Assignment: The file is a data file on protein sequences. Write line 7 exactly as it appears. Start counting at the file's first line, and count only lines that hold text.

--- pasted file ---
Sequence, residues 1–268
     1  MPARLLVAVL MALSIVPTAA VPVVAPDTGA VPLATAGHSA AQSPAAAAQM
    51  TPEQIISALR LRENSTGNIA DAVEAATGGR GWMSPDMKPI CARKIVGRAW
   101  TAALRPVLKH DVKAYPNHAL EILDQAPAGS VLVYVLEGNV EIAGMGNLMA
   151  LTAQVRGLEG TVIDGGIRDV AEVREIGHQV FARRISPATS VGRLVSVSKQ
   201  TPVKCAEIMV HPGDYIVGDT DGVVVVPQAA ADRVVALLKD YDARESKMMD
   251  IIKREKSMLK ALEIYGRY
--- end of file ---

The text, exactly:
   251  IIKREKSMLK ALEIYGRY